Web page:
Cross-cutting issueA human rights-based approach to water
Poor and marginalized groups are disproportionately affected by almost all water-related problems. SIWI applies a human rights-based approach to ensure that people living in vulnerable circumstances can influence decisions of importance to them.
A human rights-based approach (HRBA) is a concept and an instrument used by development actors and agencies. It is one of SIWI’s cross-cutting issues and helps to ensure fair and efficient water management, in line with international human rights law. The human rights-based approach means that people, as rights-holders, are placed alongside the state, which is considered a duty-bearer with correlating obligations.
Applying a human rights-based approach is especially important when increasing water scarcity requires difficult prioritizations. It can help prevent a vicious cycle where the poor are at risk of falling further and further behind since they tend to be disproportionally affected by climate change and environmental degradation.
The human rights-based approach stresses that development cooperation assistance should be guided by certain principles and ways of working with water governance and resources management as the basis of decision-making processes. It serves to promote procedural standards of:
- Participation and inclusion,
- Accountability, transparency, and the rule of law,
- Non-discrimination and equality,
- Empowerment and capacity building, and
SIWI contributes to realizing human rights for all in different ways. One way is to ensure that the cross-cutting issues are mainstreamed into all projects and programmes. Continuous training and dialogues help all staff reflect on why and how human rights guide our work.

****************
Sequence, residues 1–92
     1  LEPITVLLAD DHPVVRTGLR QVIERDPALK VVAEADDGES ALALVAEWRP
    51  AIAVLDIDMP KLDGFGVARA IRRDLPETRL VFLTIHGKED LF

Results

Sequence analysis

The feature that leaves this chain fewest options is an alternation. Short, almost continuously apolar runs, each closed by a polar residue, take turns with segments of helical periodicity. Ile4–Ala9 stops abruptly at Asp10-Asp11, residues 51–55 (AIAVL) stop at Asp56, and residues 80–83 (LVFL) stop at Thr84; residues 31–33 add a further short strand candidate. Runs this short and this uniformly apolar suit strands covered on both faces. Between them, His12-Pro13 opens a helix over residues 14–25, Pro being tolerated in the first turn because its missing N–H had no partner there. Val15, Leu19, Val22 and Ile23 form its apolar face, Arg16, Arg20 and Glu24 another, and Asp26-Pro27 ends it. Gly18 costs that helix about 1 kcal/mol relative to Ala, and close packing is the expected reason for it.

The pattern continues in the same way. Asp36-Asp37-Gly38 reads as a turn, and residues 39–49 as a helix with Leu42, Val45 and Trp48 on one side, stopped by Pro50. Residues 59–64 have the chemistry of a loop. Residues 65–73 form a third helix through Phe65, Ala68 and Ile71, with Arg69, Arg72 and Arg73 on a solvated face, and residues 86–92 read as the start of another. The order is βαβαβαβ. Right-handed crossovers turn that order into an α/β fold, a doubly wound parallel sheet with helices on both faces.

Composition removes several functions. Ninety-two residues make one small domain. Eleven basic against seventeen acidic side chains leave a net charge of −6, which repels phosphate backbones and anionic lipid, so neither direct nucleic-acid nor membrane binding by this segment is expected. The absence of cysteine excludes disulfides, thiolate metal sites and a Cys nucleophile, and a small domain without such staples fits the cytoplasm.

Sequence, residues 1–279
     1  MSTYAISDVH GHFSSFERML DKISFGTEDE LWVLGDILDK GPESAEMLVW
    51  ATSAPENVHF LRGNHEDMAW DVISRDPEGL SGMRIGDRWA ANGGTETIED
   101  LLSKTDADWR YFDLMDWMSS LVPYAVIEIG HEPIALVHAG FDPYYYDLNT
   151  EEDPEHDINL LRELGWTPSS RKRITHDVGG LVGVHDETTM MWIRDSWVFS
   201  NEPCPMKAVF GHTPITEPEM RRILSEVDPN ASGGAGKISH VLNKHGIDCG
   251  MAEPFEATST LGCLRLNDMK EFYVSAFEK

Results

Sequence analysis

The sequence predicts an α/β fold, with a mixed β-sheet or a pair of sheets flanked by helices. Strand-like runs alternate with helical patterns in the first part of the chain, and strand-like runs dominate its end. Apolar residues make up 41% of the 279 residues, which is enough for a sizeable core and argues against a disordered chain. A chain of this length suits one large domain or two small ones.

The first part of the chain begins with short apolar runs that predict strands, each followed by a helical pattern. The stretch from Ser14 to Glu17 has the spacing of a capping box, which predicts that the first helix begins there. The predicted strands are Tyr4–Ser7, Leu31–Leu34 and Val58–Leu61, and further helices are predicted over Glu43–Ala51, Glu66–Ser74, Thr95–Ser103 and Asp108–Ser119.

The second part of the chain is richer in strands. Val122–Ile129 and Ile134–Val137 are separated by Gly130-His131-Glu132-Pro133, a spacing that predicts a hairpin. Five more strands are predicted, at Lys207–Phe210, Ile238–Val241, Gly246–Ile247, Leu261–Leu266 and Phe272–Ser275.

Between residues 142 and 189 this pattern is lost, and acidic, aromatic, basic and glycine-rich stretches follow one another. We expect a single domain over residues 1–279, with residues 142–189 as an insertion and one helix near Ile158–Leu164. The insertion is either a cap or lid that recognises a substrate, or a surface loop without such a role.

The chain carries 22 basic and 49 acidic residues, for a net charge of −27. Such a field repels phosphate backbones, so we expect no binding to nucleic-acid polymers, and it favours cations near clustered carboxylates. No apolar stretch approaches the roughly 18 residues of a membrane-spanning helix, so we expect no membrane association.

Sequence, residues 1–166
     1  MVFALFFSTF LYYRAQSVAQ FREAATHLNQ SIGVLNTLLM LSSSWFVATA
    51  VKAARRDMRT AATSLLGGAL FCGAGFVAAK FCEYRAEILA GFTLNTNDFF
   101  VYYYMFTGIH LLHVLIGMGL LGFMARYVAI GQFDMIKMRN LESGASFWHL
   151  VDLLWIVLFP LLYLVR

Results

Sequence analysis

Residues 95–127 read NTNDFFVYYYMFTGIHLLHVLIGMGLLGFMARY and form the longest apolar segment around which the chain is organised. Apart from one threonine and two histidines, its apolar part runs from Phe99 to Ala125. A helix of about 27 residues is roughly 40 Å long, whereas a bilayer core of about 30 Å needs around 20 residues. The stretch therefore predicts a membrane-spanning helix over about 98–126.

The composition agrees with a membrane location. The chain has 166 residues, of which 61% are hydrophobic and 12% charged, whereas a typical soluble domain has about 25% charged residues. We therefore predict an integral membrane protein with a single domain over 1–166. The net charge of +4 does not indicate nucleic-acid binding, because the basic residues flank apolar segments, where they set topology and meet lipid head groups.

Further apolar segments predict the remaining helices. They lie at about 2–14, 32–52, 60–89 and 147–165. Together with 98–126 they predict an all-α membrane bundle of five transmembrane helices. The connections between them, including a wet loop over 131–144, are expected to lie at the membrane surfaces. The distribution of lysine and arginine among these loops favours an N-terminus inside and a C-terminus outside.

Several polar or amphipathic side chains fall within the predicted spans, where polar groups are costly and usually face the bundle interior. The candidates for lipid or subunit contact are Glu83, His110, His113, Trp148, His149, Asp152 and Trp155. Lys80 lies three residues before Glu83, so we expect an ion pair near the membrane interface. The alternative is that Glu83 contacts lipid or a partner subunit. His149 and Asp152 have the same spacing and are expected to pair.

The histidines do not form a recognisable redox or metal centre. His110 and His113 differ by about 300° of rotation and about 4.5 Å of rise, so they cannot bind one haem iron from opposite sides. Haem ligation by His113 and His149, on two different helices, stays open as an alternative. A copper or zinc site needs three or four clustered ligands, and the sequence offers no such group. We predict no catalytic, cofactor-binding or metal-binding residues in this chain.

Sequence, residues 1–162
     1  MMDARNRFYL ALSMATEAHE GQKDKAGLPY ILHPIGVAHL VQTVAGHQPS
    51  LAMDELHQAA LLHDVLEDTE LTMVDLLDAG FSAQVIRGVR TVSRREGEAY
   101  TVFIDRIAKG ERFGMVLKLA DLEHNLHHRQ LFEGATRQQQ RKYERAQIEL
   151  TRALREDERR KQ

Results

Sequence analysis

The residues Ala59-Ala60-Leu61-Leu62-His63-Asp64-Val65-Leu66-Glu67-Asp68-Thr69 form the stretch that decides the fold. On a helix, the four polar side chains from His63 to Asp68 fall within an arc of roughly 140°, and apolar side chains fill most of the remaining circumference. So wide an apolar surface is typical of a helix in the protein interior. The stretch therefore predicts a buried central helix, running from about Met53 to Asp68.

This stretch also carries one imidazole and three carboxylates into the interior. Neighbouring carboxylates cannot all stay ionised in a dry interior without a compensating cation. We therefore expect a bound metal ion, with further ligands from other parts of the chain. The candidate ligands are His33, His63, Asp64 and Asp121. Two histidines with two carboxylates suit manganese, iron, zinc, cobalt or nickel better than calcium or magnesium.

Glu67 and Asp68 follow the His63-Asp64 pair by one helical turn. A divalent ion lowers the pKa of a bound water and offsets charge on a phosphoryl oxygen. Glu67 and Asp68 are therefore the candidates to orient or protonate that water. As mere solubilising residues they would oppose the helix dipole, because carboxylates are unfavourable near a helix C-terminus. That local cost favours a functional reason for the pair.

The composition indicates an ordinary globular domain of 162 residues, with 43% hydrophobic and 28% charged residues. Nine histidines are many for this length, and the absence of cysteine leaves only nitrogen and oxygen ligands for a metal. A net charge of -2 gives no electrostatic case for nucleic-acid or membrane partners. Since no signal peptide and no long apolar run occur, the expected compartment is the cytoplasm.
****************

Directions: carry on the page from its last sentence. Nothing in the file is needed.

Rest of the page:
Empowerment and capacity-building are also essential. It is becoming increasingly clear that water management must be based in the human rights framework and standards such as the Do-no-harm principle. Water is fundamental to achieving all the sustainable development goals and the Paris Agreement on climate change.
Here are some examples of how SIWI works with a human rights-based approach as a cross-cutting issue:
- SIWI offers capacity-building to partner organizations.
- The UNDP-SIWI Water Governance Facility has, together with partners, published a manual on how to implement the human rights-based approach in integrated water resources management (IWRM). The manual is offered as a self-paced course.
- The human rights-based approach is a pillar of the work of the Water and Sanitation department. The report Accountability in WASH: Case studies from Kenya analyses lessons learned and looks at how local communities engage with decision-makers to realize their human rights.
- SIWI continuously participates in events to raise awareness about the human rights to water and sanitation. One example is the high-level Human rights and water security in the age of uncertainty, organized on 12 October 2020 with the Finnish Water Forum and Sanitation and Water for All.
- SIWI helps different actors analyse their work from a human rights perspective. One example is the report Large dams and human rights obligations, published by the International Centre for Water Cooperation hosted by SIWI.
- SIWI generates knowledge on the interpretation of the human rights-based approach. The peer-reviewed article Regarding Groundwater and Drinking Water Access through a Human Rights-Lens: Self-supply as a Norm analyses the use of sub-surface water resources and the State’s duty to respect, protect and fulfil the right to water.